On February 7, Southeast Asia’s sizable Tamil Indian population will celebrate Thaipusam, an annual feast to honor the Hindu god Subramaniam, or Murugan. A procession draws devotees and onlookers with the spectacle of thousands of devotees bearing sacrifices to the Lord Murugan.
The Lord Murugan is venerated as a granter of favors - if a wish is granted, supplicants repay the Lord through sacrifices like bearing the kavadi: a portable altar attached to the devotee by 108 vels, or metal skewers, pierced into the devotee’s skin!
Up to a week before the Thaipusam celebrations, kavadi bearers fast in preparation for the event. Then on the day of Thaipusam, they ask trusted relatives to pierce their cheeks, tongue, face, and other body parts with vels, then load a kavadi onto their shoulders before setting off on the devotional procession.
Kavadis are exquisitely beautiful works of religious art - decorated with peacock feathers, and garnished with aluminum plates bearing pictures of Hindu deities. Some kavadis weigh up to 33 pounds, skewers, feathers, and all - but kavadi bearers make a grand show of carrying the whole grisly ensemble down the parade route. Surprisingly, little to no blood is spilled throughout the procession.
Not all devotees carry kavadis to show their devotion to the Lord Murugan - other devotees join the procession bearing pots of milk called paal kudam, while couples who have been blessed with children over the past year will carry their babies in saffron slings suspended from sugarcane stalks.
Along the procession, thousands of fresh coconuts are smashed, another act of devotion to the Lord Murugan.
Thaipusam in Singapore
In Singapore, the festival is marked with a chariot procession that begins at the Sri Srinivasa Perumal Temple at 397 Serangoon Road in the Little India district.
Over 20,000 devotees will join a procession snaking through Little India's Serangoon Road, Selegie Road, Prinsep Street, Penang Road and Clemenceau Avenue, concluding at Sri Thandayuthapani Temple on 15 Tank Road.
To get to Sri Srinivasa Perumal Temple, take the MRT to Farrer Park Station and look at the site map to get to the to Temple.
Thaipusam in Batu Caves, Malaysia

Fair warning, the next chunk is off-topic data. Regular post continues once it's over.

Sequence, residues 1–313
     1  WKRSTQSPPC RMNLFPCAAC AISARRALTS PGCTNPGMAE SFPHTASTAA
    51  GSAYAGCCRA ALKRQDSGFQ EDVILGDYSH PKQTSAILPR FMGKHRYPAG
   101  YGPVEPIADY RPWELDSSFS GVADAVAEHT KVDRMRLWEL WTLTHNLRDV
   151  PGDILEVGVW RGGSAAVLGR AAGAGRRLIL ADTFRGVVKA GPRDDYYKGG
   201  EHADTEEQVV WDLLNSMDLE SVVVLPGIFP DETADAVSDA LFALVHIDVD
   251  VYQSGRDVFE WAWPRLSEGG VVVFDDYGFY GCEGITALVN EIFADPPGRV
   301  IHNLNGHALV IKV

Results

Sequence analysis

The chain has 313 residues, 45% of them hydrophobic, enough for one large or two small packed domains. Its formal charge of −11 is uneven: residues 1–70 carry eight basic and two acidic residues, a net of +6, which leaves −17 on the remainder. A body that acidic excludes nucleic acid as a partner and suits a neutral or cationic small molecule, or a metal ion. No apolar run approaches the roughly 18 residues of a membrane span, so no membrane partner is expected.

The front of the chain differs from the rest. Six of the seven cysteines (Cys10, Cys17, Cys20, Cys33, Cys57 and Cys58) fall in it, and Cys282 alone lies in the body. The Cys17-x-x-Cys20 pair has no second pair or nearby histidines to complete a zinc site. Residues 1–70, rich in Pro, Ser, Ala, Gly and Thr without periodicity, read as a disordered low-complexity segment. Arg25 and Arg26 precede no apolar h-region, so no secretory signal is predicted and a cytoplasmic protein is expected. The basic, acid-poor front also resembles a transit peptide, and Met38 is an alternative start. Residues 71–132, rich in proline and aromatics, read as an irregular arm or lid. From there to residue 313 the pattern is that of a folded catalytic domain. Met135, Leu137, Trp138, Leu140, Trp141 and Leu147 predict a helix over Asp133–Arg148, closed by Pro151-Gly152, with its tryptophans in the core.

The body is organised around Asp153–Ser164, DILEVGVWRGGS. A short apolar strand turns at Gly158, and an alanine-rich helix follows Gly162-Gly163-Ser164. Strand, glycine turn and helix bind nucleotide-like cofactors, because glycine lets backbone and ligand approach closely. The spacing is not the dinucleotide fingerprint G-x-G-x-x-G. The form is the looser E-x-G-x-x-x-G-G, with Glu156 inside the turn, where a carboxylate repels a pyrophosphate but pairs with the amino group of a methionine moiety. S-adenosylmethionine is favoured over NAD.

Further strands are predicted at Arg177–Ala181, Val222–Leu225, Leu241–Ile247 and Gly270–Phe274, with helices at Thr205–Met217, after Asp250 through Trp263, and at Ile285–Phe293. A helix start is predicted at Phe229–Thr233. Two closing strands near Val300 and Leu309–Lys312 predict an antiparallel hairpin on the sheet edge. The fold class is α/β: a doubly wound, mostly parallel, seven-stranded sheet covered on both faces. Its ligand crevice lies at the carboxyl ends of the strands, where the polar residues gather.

In Malaysia, the most famous Thaipusam celebration happens at the Batu Caves in Gombak District, Selangor.
These caves are composed of three main caves with a few smaller cavelets. To reach the top cave, visitors must climb 272 steps up to the cave opening.
While the cave is open year-round, its visitor profile reaches its height during Thaipusam, as more than a million people crowd to Batu Caves to witness the procession.
As early as 4am, devotees set out from Sri Maha Mariamman Temple in Kuala Lumpur to tackle the eight-mile hike on foot. Leading the procession is a jeweled chariot bearing a statue of Lord Murugan, followed by devotees carrying kavadis and other sacrifices.
The procession takes eight hours to reach the Batu Caves. Devotees will then carry the image up the caves’ 272 steps, with the kavadi carriers following, assisted by friends and family. The sound of drums and flutes fill the air, as the procession participants join the music with shouts of "vel, vel, vel".
Once the chariot has reached the cave, devotees leave their kavadis and other sacrifices at the feet of the image of the Lord Murugan.
To get to Gombak district for Thaipusam, you can proceed from Kuala Lumpur's Golden Triangle, where a taxi ride to the Batu Caves will cost you around MYR 20-30. You can also ride the public bus 11 or 11d from the Puduraya Bus Terminal. Alternatively, you can ride Bus 70 and 349 from Lebuh Pudu in Chinatown.
By rail, you can take the KTM commuter train from KL Sentral station to the Sentul Station in Selangor.
Thaipusam Elsewhere in Malaysia
In Penang, Thaipusam is celebrated with a procession from the Nattukottai Chettiar Temple to the Arulmigu Balathandayuthapani hilltop temple.
In Johor Baru, various temples host Thaipusam processions.
In Ipoh, the Thaipusam procession begins at the Sri Mariamar Temple in Buntong, and ends at the Sri Subramaniam Temple in Gunung Cheroh.